November 21, 2017
Celtics, Cavaliers
Nov 3, 2016; Cleveland, OH, USA; Boston Celtics guard Isaiah Thomas (4) guards Cleveland Cavaliers guard Kyrie Irving (2) during the first quarter at Quicken Loans Arena. Mandatory Credit: Ken Blaze-USA TODAY Sports

Three months ago, the Cleveland Cavaliers made quick work of the Boston Celtics in the Eastern Conference Finals, needing only five games to do away with the top-seeded team in the conference.

But a lot has happened over the last three months to suggest 2017-18 may have a different outcome for the Celtics. Though all the sportsbooks at this site are still siding with LeBron and the Cavs, should you be backing the Celtics?

To answer that question, let’s use the help of a classic dessert food: ice cream (because who doesn’t like ice cream?). Last year, the Celtics were a solid double-scoop of vanilla in a nice waffle cone. Overlooked by some for being too plain, but still an extremely reliable choice.

Unfortunately, their cone was in a taste-test against a triple-scoop of peanut butter cup. One is good; the other is fantastic.

In the offseason, the Celtics made a big splash in free agency, landing All-Star forward Gordon Hayward. Realistically, all that did was throw some sprinkles on the double-scoop of vanilla. Everyone likes sprinkles and they seem like a great idea at first. They never harm your delicious treat, but do they really make it much better?

Hayward is a good player who will take some pressure off Isaiah Thomas – fourth-highest usage rate in NBA – at the offensive end. But he’s not a truly elite player who can take any given game over like LeBron James or Kevin Durant. So there’s no need to really take this any further …

Hold up, the Celtics did what?!

This is coming to Boston …?

And this is going to Cleveland …?

So basically, the two teams just swapped one of their scoops and (depending who you ask) one took a bite out of the other’s cone. Assuming you’re asking us, Boston is the immediate winner of the trade, having acquired the best player in the deal. However, Cleveland netted a great haul in All-NBA second-team PG Isaiah Thomas, plus-defender Jae Crowder, prospect Ante Zizic, and the Nets’ unprotected 2018 first-round pick.

Putting future assets aside and focusing on this season, is the upgrade from IT to Kyrie enough to close the wide gap between the two teams?

The simple answer is no.

Even if Thomas regresses back towards his career averages this season, he’s still a talented guard who can put the ball in the basket efficiently. In spite of his incredibly high usage rate last year, IT was still seventh in player efficiency rating. In taking a sidekick role to LeBron James, the two-time All-Star will see more open looks and have much less pressure to score every trip down the floor.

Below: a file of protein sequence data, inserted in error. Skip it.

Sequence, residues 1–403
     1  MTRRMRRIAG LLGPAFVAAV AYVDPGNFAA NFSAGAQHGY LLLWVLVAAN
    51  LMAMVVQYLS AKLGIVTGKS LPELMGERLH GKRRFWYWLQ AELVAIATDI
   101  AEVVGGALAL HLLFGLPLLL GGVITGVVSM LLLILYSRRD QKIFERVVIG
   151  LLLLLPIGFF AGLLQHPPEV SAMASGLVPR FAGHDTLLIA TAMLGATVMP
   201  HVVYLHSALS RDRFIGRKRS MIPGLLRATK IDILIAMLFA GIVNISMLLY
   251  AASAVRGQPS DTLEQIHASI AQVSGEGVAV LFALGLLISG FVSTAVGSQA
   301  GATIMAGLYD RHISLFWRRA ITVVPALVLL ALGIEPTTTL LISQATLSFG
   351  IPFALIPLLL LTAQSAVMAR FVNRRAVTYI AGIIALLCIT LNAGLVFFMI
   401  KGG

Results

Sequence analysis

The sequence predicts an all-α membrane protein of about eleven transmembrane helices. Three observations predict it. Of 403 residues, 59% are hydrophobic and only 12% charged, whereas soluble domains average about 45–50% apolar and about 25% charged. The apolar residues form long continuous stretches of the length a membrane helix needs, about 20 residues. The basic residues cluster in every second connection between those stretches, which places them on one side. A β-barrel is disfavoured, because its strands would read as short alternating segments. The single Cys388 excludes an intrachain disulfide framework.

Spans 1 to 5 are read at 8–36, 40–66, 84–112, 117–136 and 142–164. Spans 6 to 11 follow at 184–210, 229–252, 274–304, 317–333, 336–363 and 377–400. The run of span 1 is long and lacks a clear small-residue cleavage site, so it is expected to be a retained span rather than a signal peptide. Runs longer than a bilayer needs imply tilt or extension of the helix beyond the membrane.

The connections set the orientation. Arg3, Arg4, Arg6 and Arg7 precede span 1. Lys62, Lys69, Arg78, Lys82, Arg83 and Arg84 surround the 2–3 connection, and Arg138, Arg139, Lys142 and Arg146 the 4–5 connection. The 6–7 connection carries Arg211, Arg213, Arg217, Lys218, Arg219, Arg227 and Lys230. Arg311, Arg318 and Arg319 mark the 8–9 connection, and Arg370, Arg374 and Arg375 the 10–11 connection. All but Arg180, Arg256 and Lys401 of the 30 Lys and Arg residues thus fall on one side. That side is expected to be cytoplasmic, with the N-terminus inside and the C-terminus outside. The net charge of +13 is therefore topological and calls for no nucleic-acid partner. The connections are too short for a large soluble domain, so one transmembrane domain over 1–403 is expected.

The sneaky big addition here for Cleveland is Jae Crowder. The excellent wing defender is going to alleviate a lot of strain from James on the defensive end. No longer will LeBron have to guard the opposition’s best player, which is likely to result in a fresher, more aggressive LBJ on the offensive end. And if the last handful of Eastern Conference playoffs have proven anything, it’s this: when James wants to get to the basket, he can.

As we said earlier, the Celtics needed to add a truly elite player to even think of competing with the Cavaliers. Cleveland won seven of their nine meetings last year, including playoffs, and their average margin of victory was 19.7 points. So yes, Kyrie Irving may have elite talent in him, but is not enough to swing a game by 20 points.

Even the duo of Irving and Hayward will not be enough to erase the discrepancy. In order for Boston to actually seize the Eastern Conference from LeBron’s mighty grip, at least one of Marcus Smart, Jaylen Brown, and Jayson Tatum will need to play at an All-Star level. And even that may not be enough to take down a pissed-off LeBron.

The Celtics have spruced up their flavor of ice cream, but still fall one scoop short.


 

 

BBALLBREAKDOWN Staff

Occasionally, we write together.

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